Waiting for the Call
“My feeling was that—and it’s not an ego thing, but in military terms—I am a silver bullet. I can generate attention quickly. I have a credibility on the subject [Iraq] that most people don’t. … If my country ever calls upon me to serve, if someone thought I could ever be a good assistant secretary of defense or state, I would smartly salute and go off to serve my country.”—Scott Ritter, former UN arms inspector turned antiwar activist, quoted in the New York Times Magazine, Nov. 24.
Let Your Feet Bleed
“Don’t be attracted to easy paths, because the paths that make your feet bleed are the only way to get ahead in life.”—Pamphlet of sayings from Iraqi President Saddam Hussein, quoted in the Boston Globe, Dec. 12.
Not Yet a Superpower
“As of 1940, the United States stood fourteenth in global military power, trailing Germany, France, Britain, Russia, Italy, Japan, China, Belgium, the Netherlands, Portugal, Spain, Sweden, and Switzerland.”—Craig Nelson, in The First Heroes: The Extraordinary Story of the Doolittle Raid, quoted in the New York Times, Nov. 17.
Run, Osama! They’re Dropping Nuance!
“Although airpower is critical to both deterrence and warfighting, it lacks nuance. Airpower is either on or off. Thus, its threatened use in situations involving less than vital interests lacks credibility. It is therefore not always politically useful.”—Mackubin Thomas Owens, Naval War College professor, Washington Times, Nov. 24.
Digesting the Information
“The first thing I’m going to do is let the experience find its own organic place.”—Actor Sean Penn, preparing to return from peace mission to Iraq, quoted in the Washington Post, Dec. 16.
The Main Action
“It’s ever more obvious, as airpower begins to keep the promise that it’s had all along, that it is the main action, and other action is ancillary and supporting. The facts are what they are.”—Retired Gen. Merrill A. McPeak, former Air Force Chief of Staff, quoted in the Washington Post Magazine, Dec. 15.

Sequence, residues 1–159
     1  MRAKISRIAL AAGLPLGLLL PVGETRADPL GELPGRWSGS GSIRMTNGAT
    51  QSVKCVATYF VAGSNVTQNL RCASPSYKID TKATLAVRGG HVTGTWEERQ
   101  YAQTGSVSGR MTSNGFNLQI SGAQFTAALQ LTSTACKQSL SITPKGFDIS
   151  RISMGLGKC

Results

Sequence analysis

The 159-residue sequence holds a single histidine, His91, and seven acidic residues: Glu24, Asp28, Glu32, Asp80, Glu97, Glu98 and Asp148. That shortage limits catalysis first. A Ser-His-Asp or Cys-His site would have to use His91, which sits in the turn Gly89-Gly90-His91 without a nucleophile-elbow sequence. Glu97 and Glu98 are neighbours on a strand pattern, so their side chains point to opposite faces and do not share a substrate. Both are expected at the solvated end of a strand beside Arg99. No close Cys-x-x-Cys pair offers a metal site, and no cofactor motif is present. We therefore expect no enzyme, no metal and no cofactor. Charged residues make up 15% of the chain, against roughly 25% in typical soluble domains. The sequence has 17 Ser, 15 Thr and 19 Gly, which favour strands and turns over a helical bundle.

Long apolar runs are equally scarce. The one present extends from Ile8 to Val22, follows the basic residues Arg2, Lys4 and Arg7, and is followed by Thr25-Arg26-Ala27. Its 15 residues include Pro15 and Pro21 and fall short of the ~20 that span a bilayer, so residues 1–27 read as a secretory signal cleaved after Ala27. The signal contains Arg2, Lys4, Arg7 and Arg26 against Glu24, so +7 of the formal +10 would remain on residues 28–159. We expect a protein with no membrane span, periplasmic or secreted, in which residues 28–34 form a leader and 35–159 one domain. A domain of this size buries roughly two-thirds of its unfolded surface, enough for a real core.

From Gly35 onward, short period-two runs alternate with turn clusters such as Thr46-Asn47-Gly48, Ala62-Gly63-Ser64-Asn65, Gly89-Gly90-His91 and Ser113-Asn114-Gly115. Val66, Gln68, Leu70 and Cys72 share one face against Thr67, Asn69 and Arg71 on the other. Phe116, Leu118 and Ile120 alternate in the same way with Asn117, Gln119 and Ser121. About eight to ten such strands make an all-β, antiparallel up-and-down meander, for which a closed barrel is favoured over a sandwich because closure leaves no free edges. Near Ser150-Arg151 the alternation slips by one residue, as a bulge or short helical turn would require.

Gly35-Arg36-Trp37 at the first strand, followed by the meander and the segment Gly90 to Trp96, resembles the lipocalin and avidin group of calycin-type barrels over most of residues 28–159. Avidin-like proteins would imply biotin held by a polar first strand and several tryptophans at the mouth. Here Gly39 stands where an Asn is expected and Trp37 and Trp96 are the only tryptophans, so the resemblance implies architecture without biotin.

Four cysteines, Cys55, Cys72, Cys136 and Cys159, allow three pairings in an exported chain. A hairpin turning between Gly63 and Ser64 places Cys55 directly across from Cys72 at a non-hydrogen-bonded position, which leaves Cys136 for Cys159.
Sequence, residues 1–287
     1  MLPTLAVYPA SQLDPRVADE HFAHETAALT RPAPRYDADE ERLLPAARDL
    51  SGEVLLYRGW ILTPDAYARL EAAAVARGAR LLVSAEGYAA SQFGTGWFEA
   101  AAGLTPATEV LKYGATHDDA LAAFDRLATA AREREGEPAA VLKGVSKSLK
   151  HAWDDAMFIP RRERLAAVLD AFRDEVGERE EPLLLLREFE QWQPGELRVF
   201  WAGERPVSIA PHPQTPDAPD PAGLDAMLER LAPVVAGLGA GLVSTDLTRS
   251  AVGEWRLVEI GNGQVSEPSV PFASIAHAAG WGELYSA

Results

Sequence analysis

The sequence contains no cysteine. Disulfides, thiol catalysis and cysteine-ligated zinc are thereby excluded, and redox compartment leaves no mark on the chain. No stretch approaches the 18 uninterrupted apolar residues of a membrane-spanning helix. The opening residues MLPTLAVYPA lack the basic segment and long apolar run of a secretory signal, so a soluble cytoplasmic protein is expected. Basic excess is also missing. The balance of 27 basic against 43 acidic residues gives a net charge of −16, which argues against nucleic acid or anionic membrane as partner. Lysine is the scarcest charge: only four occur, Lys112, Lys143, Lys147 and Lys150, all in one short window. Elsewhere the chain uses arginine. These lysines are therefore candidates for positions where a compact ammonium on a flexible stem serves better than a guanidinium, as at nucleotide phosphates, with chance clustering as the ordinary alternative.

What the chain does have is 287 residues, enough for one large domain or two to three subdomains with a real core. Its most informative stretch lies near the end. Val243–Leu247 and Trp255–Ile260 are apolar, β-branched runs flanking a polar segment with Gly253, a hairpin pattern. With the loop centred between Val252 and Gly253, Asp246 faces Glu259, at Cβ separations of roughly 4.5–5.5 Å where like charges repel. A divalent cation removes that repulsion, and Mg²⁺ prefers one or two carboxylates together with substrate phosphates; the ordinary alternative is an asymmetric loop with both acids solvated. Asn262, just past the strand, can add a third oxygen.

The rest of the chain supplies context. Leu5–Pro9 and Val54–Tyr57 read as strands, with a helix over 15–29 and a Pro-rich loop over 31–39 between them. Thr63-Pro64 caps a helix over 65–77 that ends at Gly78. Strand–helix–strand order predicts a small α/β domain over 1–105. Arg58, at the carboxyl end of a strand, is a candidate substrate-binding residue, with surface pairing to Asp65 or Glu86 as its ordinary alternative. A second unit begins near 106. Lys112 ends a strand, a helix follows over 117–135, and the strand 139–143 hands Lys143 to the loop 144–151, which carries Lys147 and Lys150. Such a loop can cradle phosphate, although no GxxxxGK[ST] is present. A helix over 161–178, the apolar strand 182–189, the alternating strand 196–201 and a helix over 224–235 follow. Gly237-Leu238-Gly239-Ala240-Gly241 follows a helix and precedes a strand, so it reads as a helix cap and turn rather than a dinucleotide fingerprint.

“He has a monumental task in front of him. It’s like asking Noah to build the ark after the rain has started to fall.”—Sen. Joseph I. Lieberman (D–Conn.), on President Bush’s naming of Tom Ridge to head the Department of Homeland Security, quoted in the New York Times, Nov. 26.
“I call this patriotism lite. We have a lot of folks who are talking the talk, who say they support the military, but who are really not walking the walk.”—Sociologist Charles Moskos, on Scripps Howard News Service and Ohio University poll in which half the respondents said they did not want their children to choose a military career, quoted in the Seattle Post–Intelligencer, Nov. 26.
Bush on Leadership
“A president has got to be the calcium in the backbone. If I weaken, the whole team weakens. If I’m doubtful, I can assure you there will be a lot of doubt.”—George W. Bush to reporter–author Bob Woodward for his book Bush at War, quoted in the Washington Post, Nov. 22.
“We can spray faster than they can plant.”—US narcotics official on a US–funded program to eradicate coca crops by herbicidal spray in Colombia, quoted in the Chicago Tribune, Nov. 24.
Frogs and Onions
“For meals, I had to forage for food. Wild onions were the easiest to find. The only other food I could find was frogs. For two long weeks, I lived on nothing but frogs and onions. It’s not a diet I would recommend. I lost 15 pounds in two weeks and couldn’t stand to eat onions for years afterward.”—Rep. Joseph R. Pitts (R–Pa.), former Air Force officer and Vietnam veteran, on his survival training, quoted in the Washington Times, Nov. 27.
The Spectrum From A to B
“We’re taking the … Web site and rebuilding it as a one-stop shopping for the antiwar movement. It’s a campaign of all different kinds of groups, from the National Council of Churches to the International Socialists organization. I just got a call from the Raging Grannies of Palo Alto, who want to join.”—Andrea Buffa, cochairwoman of Mothers Against War, a new antiwar protest network, quoted in the Washington Post, Dec. 2.
“More than 130,000 reservists have been activated—taken from their civilian jobs and their families—since the attacks on the World Trade Center and the Pentagon. Some of them are in their second year of service, because no one is available to replace them. Thousands more will be called up if we fight Iraq. Almost everywhere you look, the element of shared sacrifice that should be expected in a nation at war is missing. A few people are being asked to give up a lot.”—David S. Broder, Washington Post, Dec. 4.
Alternative to the UN
“I hear it said that the UN is imperfect but it’s the only one we’ve got. It seems to me that if you’ve got a fire extinguisher that you know won’t work, you don’t approach a fire with it because it’s the only one you’ve got. You find another way to put out the fire. … Why is the United Nations a greater source of legitimacy than NATO?”—Richard Perle, International Herald Tribune, Nov. 28.